M: “Why do I sense that we’ve picked up another pathetic lifeform?” Obi-Padawan is no paragon of humility or acceptance. But back to Luke– Yoda straight up trolls Luke. He makes Luke eat his weird soup while chirping “patience” like 5 times, and then as soon as Luke gets frustrated Yoda gets hella serious… but this time, it’s Obi-Wan who comes to the young Skywalker’s defense. Which I love. Because Obi-Padawan was NOT on board with training Anakin… but this time, given Obi-Wan’s hard-earned wisdom, I think he knows that Luke’s natural emotions don’t mean he’s going to go slaughter younglings as soon as he’s unsupervised. It just means he needs some good-old-fashioned Jedi Master guidance in controlling his emotions.
K: But, the fact remains, Luke’s training begins like his father’s–with a lot of doubt about whether he can pull this Jedi thing off. (Also with a claim about not being afraid, which Yoda sees through both times.)
M: Luke is so focused on the future, which Yoda is quick to point out to Obi-Wan. “All his life as he looked away to the future, to the horizon, never his mind on where he was. What he was doing. Hm. Adventure. Heh. Excitement. Heh. A Jedi craves not these things.” Meanwhile, Luke just wants to get going on this Jedi training so he can save his friends and fight the Empire.
K: And get going he does, in the ESB scene that probably most closely parallels Luke and Anakin. Luke has a vision of his friends in danger–and his immediate reaction is to run to the rescue.
M: Ugh, this scene kills me. I’m just sitting here like a Force ghost: “No, Luke, no!” (Though of course we know this ends much better than Anakin going to his mother.)
K: (Or trying to save Padme.) Before we really get into Yoda and Obi-Wan’s freak out about this situation, I have to make a quick aside about Vader. Embarrassingly, it took me the LONGEST time to figure out why he tortures Han on Cloud City. Because, as Han himself says, “they never even asked me any questions.” But getting information was never Vader’s goal–he wants Luke. And as the son of Anakin Skywalker, it is more than likely that Luke has an affinity for terribly upsetting Force premonitions. Vader just needs to create the scenario of danger and pain that will bring Luke to him.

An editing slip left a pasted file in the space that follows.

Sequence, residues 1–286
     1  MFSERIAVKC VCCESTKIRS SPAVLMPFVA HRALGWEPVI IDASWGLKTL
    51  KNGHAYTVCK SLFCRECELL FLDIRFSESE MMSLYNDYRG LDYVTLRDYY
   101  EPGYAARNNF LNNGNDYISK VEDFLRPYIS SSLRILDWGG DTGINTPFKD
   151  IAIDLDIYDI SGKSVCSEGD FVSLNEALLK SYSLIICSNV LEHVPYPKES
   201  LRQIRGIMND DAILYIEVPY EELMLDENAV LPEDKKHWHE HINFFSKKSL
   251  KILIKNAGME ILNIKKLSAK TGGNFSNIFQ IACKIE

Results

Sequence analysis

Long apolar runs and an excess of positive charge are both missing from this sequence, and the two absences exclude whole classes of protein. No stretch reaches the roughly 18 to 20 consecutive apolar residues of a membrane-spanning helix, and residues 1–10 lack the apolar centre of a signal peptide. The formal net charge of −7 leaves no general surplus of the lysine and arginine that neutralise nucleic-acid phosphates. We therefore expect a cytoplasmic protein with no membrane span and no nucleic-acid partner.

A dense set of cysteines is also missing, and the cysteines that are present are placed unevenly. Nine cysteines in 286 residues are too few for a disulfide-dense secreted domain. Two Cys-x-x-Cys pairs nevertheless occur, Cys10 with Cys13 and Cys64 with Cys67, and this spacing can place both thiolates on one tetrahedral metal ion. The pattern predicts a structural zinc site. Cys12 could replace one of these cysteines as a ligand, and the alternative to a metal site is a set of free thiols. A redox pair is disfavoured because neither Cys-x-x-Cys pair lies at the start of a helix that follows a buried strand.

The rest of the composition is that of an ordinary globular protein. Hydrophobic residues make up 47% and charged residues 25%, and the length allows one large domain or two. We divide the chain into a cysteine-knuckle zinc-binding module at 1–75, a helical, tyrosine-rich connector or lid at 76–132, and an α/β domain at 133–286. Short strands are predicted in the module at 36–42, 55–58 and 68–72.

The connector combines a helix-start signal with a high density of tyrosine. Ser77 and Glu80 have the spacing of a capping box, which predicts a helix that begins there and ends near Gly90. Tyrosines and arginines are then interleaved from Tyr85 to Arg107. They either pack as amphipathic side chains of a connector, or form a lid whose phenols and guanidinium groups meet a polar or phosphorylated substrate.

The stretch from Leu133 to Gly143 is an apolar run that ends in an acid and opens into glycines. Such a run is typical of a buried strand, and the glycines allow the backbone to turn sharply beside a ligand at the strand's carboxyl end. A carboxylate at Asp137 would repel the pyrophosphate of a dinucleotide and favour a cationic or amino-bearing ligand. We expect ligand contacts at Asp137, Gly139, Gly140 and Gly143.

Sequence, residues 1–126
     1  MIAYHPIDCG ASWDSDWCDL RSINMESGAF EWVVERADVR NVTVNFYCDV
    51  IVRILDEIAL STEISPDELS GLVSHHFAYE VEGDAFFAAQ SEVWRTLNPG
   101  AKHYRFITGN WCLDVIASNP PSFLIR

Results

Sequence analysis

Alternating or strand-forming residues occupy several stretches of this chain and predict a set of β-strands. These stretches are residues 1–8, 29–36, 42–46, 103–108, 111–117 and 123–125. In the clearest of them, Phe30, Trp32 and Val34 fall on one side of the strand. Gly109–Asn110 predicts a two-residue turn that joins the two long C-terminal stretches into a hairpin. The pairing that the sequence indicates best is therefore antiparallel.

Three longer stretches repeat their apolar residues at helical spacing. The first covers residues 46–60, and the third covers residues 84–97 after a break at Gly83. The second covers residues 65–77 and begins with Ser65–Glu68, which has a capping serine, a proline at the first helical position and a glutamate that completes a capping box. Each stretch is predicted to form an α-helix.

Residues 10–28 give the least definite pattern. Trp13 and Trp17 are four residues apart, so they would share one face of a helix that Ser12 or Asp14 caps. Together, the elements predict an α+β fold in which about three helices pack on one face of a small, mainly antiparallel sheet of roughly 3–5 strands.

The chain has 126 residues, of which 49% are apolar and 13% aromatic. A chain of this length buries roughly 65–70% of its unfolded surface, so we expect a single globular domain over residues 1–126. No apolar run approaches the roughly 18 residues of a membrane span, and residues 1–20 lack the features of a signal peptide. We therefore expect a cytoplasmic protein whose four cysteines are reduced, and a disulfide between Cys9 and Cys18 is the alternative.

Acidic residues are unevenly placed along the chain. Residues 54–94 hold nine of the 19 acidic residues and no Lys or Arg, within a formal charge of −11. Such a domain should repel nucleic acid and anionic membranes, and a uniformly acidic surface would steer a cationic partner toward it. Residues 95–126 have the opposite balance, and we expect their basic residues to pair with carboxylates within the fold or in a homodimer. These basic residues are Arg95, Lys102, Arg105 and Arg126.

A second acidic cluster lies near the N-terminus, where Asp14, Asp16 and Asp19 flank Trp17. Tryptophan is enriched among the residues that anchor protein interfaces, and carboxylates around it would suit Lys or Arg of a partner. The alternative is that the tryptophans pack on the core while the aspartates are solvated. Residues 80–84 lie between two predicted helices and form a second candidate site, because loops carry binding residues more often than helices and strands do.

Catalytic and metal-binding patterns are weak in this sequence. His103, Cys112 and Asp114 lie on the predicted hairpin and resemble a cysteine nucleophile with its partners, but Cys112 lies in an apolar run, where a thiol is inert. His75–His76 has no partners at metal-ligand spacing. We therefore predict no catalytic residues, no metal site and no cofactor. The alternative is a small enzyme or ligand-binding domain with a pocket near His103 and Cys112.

M: And Vader also knows from experience that loved ones– and wanting power to save them– will likely be a terrible temptation to the Dark Side.
K: It’s so smart and so creepy. I love it. But the Jedi do not. Because they are worried, justifiably, that Luke is going to make all of Anakin’s mistakes if he attempts to save Han and Leia.
M: Cue the freak out. Yoda takes a “go big or go home” approach to his warning: “If you leave now, help them you could… but you will destroy all for which they have fought.” Harsh.
K: But it could be true. And it’s a risk Yoda is not willing to take with someone as important as Luke.
M: I love how for once Obi-Wan just comes straight out and explains why they’re worried: “This is a dangerous time… You’ll be tempted by the Dark Side… I don’t want to lose you to the Emperor the same way I lost Vader.” (cue tears)
K: Gah, we don’t want you to lose Luke the way you lost Anakin either, Obi-Wan!
M: But back to the action–this is the Star Wars, and limb loss is imminent. A mistake on Vader’s part. One I’m sure he regrets later bahahaha.
K: Yeah, nothing gets a person on your side like cutting off their hand. Immediately after this obviously painful moment, when he’s been utterly beaten, Luke faces the same offer that Anakin gets from Palpatine: “Join me.” He’s offered a chance to overthrow the Emperor and have unimaginable power at Vader’s side.
M: But darling Luke rejects the Dark Side, despite that tempting power.
K: And parallels his other parent by refusing to join Vader in evil.
M: So, Luke refuses the offer for power, but after losing his hand and having a traumatic encounter with a parent… has some angst. Similar to Anakin’s situation at the end of AotC.
K: It’s not an exact parallel of course–Obi-Wan is the one Dooku offers a partnership to in AotC, and Anakin’s mother is dead not a supervillain, but the trauma and the clothing choices these separate experiences lead to are undoubtedly similar.